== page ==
Women in Africa take space on the decision-making table
Author: Mercy Njoroge
Published by: The People Daily Newspaper
Renowned Nigerian novelist Chimamanda Ngozi Adichie’s talk on TEDxEuston in April, 2013 is a must watch. Yes. For women, men and the third gender. When I stumbled upon the YouTube video of her conversation titled We should all be feminists I knew I had hit a goldmine – at least online. My curiosity got the better of me and not even the painfully slow internet connection could dissuade me from downloading the 30-minutes video. Since discovering this brilliant TEDx talk, I have watched it umpteenth times. Let me explain why.
As a participant at the African Women’s Leadership Mentoring Initiative, unpacking the true meaning of feminism in the African context is truly an eye-opening moment. Attending a two-week forum in Nairobi, that brought together 30 women from Cote d’ivore, Cameroon, Malawi, South Sudan and Kenya, offered an opportunity for feminists to discuss the importance of women in leadership.
The sessions, carried out in English and French, were impactful, intensive, informative and the list goes on and on. Perhaps it is important to mention that in recent years, the need for women to take space at the decision-making platform is the foundation which such initiatives are based on. That is why, Urgent Action Fund-Africa, in partnership with Coady International Institute of St Francis Xavier University and Strathmore University’s School of Governance Centre, put resources together to make the programme a success.
The initiative, based on empowering women leaders from developing sectors to begin to fill leadership gaps in Africa and contribute to desired change in the development of the continent is no mean fete. The realisation that women’s input is fundamental to transformative leadership in Africa will provide the desperately needed solutions to poverty, stunted economies, civil wars and corruption.
During the forum, four pillars: Feminist leadership; citizen-driven asset-based community development; economic empowerment and development; transparency, accountability and legitimacy in governance; provided the building blocks on which we engaged. Self-care, which involves taking care of one’s needs, unburdening fears and listening to our bodies was just but a scratch on the surface of what was lined up for the two weeks. Mentors, role models and ancestors shape our outlook on life and all participants took time to put up the ‘wall of mentors’ and the leadership qualities they admired in them. Some prominent women across the globe graced the ‘wall of mentors’.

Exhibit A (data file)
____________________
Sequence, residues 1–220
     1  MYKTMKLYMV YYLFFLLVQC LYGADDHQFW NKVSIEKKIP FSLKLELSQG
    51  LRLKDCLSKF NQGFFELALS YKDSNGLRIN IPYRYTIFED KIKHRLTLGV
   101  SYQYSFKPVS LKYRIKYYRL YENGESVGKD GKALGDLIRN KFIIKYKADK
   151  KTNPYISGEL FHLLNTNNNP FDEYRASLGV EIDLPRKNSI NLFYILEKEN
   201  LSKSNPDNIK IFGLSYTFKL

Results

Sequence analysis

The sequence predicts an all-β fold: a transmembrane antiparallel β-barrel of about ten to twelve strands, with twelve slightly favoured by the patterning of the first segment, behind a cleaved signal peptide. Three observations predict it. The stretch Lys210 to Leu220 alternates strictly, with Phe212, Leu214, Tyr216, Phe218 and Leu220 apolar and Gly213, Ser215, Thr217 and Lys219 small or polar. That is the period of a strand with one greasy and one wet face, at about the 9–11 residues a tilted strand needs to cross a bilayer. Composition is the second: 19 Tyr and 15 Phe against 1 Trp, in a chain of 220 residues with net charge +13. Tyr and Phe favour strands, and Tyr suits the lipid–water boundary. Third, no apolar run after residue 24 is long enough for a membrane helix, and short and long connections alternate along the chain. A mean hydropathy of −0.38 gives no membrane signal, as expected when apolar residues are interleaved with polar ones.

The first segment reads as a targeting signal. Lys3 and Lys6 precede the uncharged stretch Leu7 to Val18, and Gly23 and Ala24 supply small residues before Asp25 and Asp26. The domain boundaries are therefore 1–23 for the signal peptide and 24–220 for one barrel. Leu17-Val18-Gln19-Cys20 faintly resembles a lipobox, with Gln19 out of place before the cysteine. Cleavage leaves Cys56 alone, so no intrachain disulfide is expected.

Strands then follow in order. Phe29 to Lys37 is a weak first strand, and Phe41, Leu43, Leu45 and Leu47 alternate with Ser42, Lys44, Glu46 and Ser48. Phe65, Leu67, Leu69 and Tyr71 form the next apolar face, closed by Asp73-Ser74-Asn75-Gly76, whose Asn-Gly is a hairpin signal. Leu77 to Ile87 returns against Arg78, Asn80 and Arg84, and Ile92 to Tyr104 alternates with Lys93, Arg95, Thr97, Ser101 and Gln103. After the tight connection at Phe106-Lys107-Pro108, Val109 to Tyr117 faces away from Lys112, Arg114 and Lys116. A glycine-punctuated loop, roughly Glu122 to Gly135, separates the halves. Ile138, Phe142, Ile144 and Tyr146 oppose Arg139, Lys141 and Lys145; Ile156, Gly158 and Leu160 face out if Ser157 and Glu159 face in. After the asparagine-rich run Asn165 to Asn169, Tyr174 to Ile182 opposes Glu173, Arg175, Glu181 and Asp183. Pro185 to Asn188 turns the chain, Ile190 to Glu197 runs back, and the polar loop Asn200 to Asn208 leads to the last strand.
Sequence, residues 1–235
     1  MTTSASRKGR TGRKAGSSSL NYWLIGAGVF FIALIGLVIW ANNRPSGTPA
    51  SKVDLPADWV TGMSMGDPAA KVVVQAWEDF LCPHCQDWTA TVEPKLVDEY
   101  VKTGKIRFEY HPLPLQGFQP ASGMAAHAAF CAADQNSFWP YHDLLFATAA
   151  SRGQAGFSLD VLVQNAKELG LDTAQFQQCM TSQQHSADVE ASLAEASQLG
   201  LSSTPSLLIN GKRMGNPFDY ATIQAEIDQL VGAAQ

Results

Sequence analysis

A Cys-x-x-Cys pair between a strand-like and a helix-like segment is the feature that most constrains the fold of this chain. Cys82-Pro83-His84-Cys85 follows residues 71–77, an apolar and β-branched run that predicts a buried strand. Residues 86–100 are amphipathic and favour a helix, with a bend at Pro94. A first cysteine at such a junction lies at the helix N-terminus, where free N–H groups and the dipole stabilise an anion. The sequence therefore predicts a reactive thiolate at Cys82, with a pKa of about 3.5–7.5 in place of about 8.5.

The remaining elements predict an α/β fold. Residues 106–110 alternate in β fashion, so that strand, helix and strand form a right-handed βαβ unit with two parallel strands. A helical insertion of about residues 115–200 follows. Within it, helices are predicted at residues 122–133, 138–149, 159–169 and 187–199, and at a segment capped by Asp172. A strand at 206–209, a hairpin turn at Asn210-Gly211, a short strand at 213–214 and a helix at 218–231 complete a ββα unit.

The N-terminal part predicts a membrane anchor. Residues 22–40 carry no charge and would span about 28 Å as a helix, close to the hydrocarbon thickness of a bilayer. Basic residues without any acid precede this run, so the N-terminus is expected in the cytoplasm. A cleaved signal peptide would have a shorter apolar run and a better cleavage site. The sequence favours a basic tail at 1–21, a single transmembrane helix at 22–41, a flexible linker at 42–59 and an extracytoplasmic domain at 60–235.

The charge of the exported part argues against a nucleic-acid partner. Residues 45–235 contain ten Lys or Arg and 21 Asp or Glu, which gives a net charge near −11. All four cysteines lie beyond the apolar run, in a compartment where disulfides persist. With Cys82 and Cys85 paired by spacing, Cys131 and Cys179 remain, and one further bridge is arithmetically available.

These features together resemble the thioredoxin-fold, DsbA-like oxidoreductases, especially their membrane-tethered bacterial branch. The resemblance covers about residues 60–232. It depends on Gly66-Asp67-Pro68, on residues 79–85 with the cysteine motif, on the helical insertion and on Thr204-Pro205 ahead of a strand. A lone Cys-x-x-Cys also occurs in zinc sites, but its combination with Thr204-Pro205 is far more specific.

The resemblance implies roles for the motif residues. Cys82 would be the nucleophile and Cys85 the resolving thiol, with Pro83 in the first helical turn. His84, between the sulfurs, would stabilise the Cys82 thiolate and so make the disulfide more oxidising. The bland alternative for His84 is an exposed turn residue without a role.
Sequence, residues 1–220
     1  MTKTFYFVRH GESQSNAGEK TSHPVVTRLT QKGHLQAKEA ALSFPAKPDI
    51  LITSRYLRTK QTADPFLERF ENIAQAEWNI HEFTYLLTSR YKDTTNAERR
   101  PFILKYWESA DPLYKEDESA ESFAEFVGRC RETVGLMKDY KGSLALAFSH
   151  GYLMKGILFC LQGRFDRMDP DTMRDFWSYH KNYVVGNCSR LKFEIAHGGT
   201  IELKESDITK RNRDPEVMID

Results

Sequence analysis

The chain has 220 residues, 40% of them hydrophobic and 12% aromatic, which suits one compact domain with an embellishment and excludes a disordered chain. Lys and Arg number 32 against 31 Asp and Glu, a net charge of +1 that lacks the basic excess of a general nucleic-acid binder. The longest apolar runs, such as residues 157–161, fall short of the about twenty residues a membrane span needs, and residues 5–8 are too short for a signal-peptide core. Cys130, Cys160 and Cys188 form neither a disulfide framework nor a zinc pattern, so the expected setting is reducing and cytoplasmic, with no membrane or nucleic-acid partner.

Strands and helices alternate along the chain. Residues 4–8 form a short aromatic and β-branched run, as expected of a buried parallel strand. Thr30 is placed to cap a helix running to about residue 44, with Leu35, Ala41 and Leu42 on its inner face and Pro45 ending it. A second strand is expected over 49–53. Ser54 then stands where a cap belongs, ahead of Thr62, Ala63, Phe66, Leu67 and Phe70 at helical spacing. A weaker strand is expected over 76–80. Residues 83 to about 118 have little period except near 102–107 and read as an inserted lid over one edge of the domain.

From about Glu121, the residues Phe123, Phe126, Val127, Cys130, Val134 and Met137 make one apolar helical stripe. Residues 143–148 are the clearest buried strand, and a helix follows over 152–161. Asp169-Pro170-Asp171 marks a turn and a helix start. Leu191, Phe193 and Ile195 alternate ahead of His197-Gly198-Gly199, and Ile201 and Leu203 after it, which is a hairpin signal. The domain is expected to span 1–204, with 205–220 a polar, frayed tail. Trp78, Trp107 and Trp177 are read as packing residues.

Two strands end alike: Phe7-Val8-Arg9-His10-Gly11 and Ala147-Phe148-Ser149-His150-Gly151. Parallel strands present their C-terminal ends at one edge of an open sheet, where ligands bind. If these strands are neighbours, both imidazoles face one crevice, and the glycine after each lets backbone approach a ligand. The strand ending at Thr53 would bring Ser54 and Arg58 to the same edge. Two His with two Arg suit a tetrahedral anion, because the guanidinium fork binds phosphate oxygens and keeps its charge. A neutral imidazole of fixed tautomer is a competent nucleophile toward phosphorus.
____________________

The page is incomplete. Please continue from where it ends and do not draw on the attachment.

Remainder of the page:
Interestingly, mothers and grandmothers topped the list of role models. A rather telling revelation, that truly, women rock the world! ‘Herstories’ highlighted on African women’s issues and struggles. Participants grouped up to draw a timeline of women’s involvement in leadership and steering development agenda in their respective countries. It was particularly disturbing that little/no documentation has been done on milestones made by women in Kenya since independent. The same applied to the other countries.
Evidently, as young women leaders, our work is cut out. We should not let ‘history’ wipe out our story. The Rivers of Life, Johari’s Window and communication skills were exciting sessions of self-realisation. Other areas of focus included economic empowerment, gender and power, collective and individual empowerment and leadership skills. Scholars definition of feminism has been widely subjected to lingual-dissection and as such, negative connotations have been pegged on the meaning of a feminist.
But did you know there are female and male feminists? Being that Africa is largely a patriarchal society, any woman who identifies herself as a feminist is abhorred. Therefore, we sought to understand what feminism and feminine leadership is and after a rather taxing process, a working defining was arrived at subject to improvements. It stated: “African feminist leadership is inclusive, dynamic, transformative and brings about equity and justice for all”.
The French translation: Le leadership féministe African est inclusif, dynamique, transformatif et concoure a equité et al justice pour tous. Today, 52 per cent of the world’s population is female. But most of the positions of power and prestige are occupied by men. Chimamanda quoted Nobel Laureate Wangari Maathai’s words simply put: “The higher you go, the fewer women there are”. But with such initiatives in Africa, I am confident Africa is rewriting her narrative.
Source: The People